Editor’s note: At this year’s National Restaurant Association Show, QSR caught up with restaurant executives to get their take on 2023’s biggest topics and what’s on the mind of operators. We’ll share their insights and observations from the floor, thoughts on the future, and what matters most headed into the back half of the year and beyond.
What’s on your tech radar this year?
It’s been really cool to see the way various folks are starting to use AI, like ChatGPT. It’s the concept of allowing people to offer personalized service, but still automated. There is A LOT of kiosks around here. You had that article talking about tech trends, labor is 100 percent the thing. How are we going to be able to leverage technology? Hopefully some of this AI stuff will make it so folks can have a good experience without being super frustrated.
OK, since we’re already talking about, what’s your take on the state of AI?
I think it’s going to be a very real thing. I suspect that it’s not going to suddenly be the next month and everything is going to be different. At the core, hospitality is still hospitality. And there’s a bunch of places that I think we’re already looking at AI. Things like, can we produce better insights? Can we help people with menu builds? Can we do those kinds of things? But at the end of the day, I think the hospitality end of the equation, I want somebody to come up to my table. I want them to talk to me about the specials. I want them to make me feel welcome.
Robots are not going to be able to do that, despite how many adorable little robots they have floating around. They have a little bit of a novelty effect, but it doesn’t quite seem faster yet. It will eventually. The best technologies are invisible. They seamlessly work and happen in the background and makes your experience better. But it’s not jammed down your throat.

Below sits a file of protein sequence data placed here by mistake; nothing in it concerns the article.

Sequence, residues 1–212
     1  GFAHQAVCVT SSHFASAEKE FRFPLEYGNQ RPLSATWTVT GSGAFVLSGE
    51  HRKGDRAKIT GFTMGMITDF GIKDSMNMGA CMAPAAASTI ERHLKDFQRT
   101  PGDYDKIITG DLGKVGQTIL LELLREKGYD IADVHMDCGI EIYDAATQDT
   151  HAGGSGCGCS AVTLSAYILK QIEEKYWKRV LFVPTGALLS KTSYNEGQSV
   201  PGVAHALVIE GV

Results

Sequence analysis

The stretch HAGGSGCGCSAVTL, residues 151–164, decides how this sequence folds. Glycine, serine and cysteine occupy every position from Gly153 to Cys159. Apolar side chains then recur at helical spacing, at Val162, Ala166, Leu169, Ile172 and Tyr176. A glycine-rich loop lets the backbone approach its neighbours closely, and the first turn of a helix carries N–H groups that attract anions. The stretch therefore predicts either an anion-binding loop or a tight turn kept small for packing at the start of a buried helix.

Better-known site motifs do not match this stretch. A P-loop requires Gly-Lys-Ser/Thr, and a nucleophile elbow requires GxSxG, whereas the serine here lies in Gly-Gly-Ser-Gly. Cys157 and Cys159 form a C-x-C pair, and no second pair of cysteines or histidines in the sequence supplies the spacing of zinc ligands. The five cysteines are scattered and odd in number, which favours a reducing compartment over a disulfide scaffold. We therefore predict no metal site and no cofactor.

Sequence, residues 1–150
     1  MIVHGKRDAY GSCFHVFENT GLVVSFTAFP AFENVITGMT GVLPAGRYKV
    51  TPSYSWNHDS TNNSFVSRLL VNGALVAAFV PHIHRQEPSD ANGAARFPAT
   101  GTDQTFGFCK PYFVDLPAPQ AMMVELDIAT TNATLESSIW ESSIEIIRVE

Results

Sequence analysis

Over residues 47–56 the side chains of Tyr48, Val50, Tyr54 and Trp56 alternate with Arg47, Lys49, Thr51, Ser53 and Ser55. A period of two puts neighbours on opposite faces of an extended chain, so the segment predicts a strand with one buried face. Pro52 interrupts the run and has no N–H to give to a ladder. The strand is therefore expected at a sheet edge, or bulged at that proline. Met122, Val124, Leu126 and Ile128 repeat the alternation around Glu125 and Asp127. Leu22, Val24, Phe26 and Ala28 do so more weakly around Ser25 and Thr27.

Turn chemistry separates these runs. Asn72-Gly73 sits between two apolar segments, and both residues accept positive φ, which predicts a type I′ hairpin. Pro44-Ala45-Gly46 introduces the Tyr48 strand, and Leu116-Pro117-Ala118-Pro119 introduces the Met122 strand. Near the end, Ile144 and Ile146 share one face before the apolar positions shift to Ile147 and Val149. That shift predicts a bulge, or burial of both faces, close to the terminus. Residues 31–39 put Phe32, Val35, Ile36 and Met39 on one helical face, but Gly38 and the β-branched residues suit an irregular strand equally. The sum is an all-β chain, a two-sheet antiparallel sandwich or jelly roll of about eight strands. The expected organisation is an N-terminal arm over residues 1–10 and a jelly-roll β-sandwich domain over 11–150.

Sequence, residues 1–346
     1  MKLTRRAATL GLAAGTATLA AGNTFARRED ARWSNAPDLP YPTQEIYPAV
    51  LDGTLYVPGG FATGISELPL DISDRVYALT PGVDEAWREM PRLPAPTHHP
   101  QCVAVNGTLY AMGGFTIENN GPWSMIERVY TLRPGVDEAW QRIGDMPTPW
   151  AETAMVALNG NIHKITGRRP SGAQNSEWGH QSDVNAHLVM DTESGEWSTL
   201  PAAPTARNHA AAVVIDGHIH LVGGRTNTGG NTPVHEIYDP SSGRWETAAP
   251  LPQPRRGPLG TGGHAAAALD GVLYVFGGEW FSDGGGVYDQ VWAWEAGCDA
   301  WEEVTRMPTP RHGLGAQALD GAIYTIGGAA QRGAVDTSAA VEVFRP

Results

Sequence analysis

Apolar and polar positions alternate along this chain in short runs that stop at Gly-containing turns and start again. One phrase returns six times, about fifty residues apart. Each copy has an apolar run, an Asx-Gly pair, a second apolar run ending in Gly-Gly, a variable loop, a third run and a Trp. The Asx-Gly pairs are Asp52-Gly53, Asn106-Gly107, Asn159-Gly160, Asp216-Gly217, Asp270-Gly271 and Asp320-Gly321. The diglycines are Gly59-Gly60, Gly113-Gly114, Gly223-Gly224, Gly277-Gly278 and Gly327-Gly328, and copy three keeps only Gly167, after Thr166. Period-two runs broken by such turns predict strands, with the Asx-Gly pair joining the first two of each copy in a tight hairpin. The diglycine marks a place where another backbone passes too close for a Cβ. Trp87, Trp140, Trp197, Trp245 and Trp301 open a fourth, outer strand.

Next year, what are we talking about?
I always think that we’re right on the cusp of figuring out this concept of personalization. This idea that every guest is treated the same is kind of bananas to me. There’s a Vietnamese restaurant that I probably order from four times a month. Big orders—$150, $200 orders. Every time they answer the phone, they’relike, ‘Hello, can I tell you about my menu?’ And I’m like, ‘No! It’s me, Bryan. I’m going to order two No. 12s, we’re going to do this.’ There’s an interesting thing playing out with people being comfortable trading off a little bit more of, ‘I understand you have the data, I want you to have a better experience, I don’t care if you use my face, I don’t care if you have a credit card on file. I do care if I can get in and out quickly. I do care if you can give me something tailored to me.’
I feel like we’re all getting used to that. Who doesn’t have 12 subscription programs these days?
There’s a huge generational element. In my past life, I worked at Google. And one of the things we could see was comfort with giving away data was highly correlated to age. And so, people, we’ll call 40s and below, were like, ‘as long as you can make my life better, save my name, save my credit card, save my home address, do whatever you need to do.’ I think, generally, the amount of friction is now even eroding those people who previously were like, ‘oh, I don’t want you to have it.’ Now, they’re saying, ‘I just don’t’ want to wait in line.’